Saturday, November 26, 2011

Blackbeard's Tea Party

The Croft, Bristol

Blackbeard's Tea Party are not as good as Bellowhead. 

On the other hand, Bellowhead do not play in the back rooms of pubs at the bottom of my street (while young people play speedcore in the front bar). Although, come to think of it, I did hear Mr Spiers and Mr Boden perform on this very stage back in 2007. And Mr Carthy. Still, it's the least folkie venue ever. All the young people were in black. I was in my floral waistcoat. The pub was smashed up during the pretend riots last July. I think they thought I was a hippy bouncer. 

As I was saying: Blackbeard's Tea Party are not as good as Bellowhead. But they generate an energy, a physicality, a sense of musical theatre (completely improvised, I think) and a spontaneous response from the audience which I have never seen any folk band apart from Bellowhead come within a hundred miles of. 

They do, in pretty much every conceivable respect, rock. 

They came onto the stage at 9.40, after the usual local support who we will tactfully pass over. Stu the singer – not the singer on the albums, a new singer who has joined the band in the last month -- asks if there are any miners in the audience. Someone is related to one. He launches into "I can hew" . ("And when I die boys know full well / I’m not bound for heaven, I am bound for hell / My pick and shovel Old Nick he will admire / and he’ll setting be hewing coal for his hell-fire”). There is a thumping drumbeat and an electric guitar which, I shouldn’t wonder goes up to 11. And Stu, I swear, doesn't stop moving for the rest of the evening. He encourages the audience to pogo dance by leaping three feet off the ground. He gesticulates in the narrative bits. He nips back stage at one point and re-emerges in sun glasses and pink tie-dye shirt. The whole band follows him into the physical space. Yom Hardy the cajun drummer bangs his head in time with the rhythm so his long black hair flaps up and down like a muppet. When Martin Coumbe the guitarist does a solo, the band get down on their knees to worship him.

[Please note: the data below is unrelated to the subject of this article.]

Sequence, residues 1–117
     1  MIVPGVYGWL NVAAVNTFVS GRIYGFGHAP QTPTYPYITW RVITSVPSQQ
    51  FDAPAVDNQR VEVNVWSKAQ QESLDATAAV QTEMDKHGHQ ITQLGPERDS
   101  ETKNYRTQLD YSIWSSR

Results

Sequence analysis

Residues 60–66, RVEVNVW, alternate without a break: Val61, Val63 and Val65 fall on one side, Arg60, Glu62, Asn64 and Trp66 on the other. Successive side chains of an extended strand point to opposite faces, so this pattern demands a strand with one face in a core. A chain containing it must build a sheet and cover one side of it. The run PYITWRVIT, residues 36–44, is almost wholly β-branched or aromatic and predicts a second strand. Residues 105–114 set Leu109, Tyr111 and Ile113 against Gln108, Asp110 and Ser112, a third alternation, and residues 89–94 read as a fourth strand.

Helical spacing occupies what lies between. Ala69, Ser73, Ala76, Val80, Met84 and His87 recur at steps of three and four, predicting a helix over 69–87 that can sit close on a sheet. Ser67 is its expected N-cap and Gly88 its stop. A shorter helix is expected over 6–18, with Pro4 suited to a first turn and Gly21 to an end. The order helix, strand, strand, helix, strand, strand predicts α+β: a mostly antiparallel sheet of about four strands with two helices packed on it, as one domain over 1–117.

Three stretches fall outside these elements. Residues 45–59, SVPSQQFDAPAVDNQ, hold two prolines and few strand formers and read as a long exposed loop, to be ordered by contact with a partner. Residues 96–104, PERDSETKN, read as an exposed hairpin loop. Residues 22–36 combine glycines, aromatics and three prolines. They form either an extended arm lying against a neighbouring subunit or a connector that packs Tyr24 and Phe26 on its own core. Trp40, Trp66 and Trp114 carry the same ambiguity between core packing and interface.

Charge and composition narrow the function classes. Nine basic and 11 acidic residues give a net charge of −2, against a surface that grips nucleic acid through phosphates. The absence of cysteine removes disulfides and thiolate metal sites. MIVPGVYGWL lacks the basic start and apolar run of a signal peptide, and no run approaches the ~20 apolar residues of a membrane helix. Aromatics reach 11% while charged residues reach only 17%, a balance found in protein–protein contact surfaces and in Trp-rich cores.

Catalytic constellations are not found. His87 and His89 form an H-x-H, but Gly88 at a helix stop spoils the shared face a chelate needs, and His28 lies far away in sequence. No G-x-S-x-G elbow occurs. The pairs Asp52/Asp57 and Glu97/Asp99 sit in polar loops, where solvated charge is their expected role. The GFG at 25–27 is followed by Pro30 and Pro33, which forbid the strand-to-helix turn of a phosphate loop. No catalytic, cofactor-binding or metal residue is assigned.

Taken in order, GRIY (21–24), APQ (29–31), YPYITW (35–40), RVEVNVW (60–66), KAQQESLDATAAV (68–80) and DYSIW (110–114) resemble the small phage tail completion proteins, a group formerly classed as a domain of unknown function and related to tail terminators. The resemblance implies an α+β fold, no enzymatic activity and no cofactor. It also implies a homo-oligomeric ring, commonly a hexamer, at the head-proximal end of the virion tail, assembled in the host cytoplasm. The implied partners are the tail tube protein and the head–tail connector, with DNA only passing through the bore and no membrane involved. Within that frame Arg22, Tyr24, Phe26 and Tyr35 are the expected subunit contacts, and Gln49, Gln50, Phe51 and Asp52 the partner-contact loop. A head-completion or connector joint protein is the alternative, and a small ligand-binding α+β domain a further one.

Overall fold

The sound mix, I have to say, is perfect: too often in this kind of thing I have said "I believe that there may have been a folk song going on somewhere, but all I could hear was the drum". Tonight you could hear every one of Stu's words. The songs are stories or jokes played with a camp twinkle in his eye. Folk rock with the emphasis firmly on the folk. 

Oh, and there was rappa dancing. In a pub. At the bottom of my street.